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I ran into a strange problem with a Visual Studio 2008 project I was working with recently.

I am trying to compile a new static library that uses functions from another static library. (Let's say Lib1 is my static library project, and Lib2 is the lib file that Lib1 depends on).

I am able to build lib1 without issue; It includes the header files for lib2 and calls its functions, and there are no problems.

The problem is when I build a separate test project that has Lib1 as a dependency; it won't build and I get linker errors. The unresolved externals are the functions I am trying to call within Lib1 that are from Lib2.

This is all fixed when I include Lib2 in my test project as well.

This all makes sense to me of course; I can test that Lib2 is not being built into Lib1..

My question is: is there a way to do this? I would ideally like to be able to deploy Lib1 as a standalone lib without requiring Lib2. (Lib2 is actually just a Lib from the Windows Platform SDK, so it's not really a big deal...)

Is this not allowed because it would allow people to "hide" third party libraries in their own, or something?

What would be a professional approach to this problem?

Thanks!

--R

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Did you fully compile your Lib1 before including it in your project? –  Raceimaztion Mar 26 '11 at 20:39

6 Answers 6

up vote 3 down vote accepted

I would not advise using a librarian to take Windows' library contents into your own library -- it's likely that that's against the license.

I see two possibilities

  1. Documenting the dependency
  2. Using a #pragma in your .h file that requests the .lib to be linked against. If VS can find it, it's the same as including it on your link line.

http://msdn.microsoft.com/en-us/library/7f0aews7(VS.80).aspx

 #pragma comment(lib, "libname.lib")
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You need to use a tool called a librarian to do this. A librarian allows you to create and modify library (.lib) files. In visual studio check under the Librarian section of your project properties. A command line version also comes with visual studio (lib.exe).

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2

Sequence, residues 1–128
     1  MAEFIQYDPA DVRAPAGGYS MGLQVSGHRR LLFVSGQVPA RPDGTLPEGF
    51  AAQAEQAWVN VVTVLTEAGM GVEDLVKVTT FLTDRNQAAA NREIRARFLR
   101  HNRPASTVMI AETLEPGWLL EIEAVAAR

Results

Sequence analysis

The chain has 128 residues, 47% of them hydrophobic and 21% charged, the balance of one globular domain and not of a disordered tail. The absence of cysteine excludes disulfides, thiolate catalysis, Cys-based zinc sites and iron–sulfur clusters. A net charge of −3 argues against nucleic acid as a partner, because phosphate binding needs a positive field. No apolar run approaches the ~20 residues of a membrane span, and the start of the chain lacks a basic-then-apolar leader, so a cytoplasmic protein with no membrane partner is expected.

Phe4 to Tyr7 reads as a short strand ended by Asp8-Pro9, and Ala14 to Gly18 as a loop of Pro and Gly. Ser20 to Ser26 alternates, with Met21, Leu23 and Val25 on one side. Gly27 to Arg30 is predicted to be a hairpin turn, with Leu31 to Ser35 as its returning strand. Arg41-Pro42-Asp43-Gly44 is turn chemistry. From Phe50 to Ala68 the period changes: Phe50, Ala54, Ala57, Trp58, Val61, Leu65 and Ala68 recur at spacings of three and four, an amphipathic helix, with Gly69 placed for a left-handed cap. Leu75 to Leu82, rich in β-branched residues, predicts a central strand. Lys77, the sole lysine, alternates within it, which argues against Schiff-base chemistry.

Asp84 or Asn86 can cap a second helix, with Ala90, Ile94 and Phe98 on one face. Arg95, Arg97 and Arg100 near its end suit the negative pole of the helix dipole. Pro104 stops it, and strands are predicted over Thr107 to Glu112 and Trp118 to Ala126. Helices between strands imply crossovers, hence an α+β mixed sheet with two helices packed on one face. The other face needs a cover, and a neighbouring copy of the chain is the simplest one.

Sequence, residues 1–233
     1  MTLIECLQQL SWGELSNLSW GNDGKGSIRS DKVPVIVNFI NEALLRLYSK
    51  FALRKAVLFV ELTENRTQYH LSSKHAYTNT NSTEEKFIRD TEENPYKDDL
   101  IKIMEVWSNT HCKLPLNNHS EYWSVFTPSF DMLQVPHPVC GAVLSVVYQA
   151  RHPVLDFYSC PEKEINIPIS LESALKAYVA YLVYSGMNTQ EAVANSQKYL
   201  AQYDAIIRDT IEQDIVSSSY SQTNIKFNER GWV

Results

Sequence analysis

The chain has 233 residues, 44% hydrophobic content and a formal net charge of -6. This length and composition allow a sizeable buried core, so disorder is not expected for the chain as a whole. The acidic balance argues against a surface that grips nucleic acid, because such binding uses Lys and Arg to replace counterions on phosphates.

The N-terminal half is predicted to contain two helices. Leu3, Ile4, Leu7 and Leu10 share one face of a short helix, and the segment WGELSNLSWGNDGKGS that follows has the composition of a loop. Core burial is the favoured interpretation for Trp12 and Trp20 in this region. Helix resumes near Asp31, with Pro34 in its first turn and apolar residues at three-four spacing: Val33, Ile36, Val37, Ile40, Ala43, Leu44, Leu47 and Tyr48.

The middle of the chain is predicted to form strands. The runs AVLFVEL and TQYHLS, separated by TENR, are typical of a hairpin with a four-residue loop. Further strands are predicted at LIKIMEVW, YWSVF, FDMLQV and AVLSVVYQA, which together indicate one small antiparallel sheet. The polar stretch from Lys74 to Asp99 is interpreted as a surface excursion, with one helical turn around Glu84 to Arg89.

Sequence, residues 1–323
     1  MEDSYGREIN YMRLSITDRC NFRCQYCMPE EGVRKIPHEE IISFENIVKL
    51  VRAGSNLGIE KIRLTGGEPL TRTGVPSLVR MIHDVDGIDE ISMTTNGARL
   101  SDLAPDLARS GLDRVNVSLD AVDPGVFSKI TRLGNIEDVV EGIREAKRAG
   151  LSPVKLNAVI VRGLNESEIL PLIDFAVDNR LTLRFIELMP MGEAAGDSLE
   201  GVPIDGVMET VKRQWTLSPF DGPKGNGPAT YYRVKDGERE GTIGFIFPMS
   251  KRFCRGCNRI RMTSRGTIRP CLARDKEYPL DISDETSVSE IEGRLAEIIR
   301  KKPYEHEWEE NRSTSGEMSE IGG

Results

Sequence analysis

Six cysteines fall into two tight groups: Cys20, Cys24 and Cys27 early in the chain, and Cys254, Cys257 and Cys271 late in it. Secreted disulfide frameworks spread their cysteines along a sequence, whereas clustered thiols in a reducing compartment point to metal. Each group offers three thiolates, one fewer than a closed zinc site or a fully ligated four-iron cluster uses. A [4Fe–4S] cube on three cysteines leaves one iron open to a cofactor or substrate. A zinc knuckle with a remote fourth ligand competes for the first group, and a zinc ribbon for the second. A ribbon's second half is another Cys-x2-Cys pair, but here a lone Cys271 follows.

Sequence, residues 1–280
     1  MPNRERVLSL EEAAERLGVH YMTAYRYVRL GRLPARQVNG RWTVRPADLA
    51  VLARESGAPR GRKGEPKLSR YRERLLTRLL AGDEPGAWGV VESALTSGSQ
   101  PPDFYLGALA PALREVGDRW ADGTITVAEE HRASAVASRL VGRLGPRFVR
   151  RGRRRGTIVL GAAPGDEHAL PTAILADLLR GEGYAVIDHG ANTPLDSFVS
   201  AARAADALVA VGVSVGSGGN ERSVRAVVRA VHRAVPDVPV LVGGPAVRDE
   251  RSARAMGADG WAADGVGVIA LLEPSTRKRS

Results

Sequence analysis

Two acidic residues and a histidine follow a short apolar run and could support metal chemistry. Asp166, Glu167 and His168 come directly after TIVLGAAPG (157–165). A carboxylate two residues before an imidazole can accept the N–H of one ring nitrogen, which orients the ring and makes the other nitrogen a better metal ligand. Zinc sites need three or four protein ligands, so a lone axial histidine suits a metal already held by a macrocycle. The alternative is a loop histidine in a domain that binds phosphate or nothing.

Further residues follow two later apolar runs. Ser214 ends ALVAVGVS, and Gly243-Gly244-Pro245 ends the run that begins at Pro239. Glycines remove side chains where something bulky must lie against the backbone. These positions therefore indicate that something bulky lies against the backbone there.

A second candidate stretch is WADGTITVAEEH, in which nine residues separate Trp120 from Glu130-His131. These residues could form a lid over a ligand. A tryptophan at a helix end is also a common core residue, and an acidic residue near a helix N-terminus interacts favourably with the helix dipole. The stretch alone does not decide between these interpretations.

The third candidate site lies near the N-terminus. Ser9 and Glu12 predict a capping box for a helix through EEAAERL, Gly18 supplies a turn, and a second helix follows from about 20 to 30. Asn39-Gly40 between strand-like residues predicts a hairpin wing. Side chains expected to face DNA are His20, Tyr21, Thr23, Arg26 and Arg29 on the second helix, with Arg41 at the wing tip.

This is technically correct, but it's likely that Windows Platform SDK's prohibit this in their license. –  Lou Franco Mar 26 '11 at 21:12

Just document the dependencies of your lib.

As long as the library you depend on is available to anyone that could use your library, this is the preferred solution. Especially considering that the library user could also depend on this platform SDK lib - if you had it embedded then he'd get funny linker errors with multiply defined symbols.

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not funny at all:( –  Unhandled Exception Oct 31 '13 at 12:12

This is a fairly normal problem - you wouldn't normally attempt to include 'lib2' into 'lib1' but simply document that it's required to be linked against in order to work. There is nothing wrong with declaring the use of other libraries (apart from any licensing issues of course) so you are already doing the right thing.

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If you really want to do this, you can extract the .obj files from Lib2 and add them to Lib1.

See How to Extract .OBJ Routines from .LIB Files Using LIB.EXE -- I hope it is still relevant for VS2008.

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Instead of simply documenting your dependencies, use #pragma comment(lib, 'lib2name') in your code to make the linker pull in the other library automatically. Since you said you're using a standard library that comes with the SDK, this should eliminate all burden on the application.

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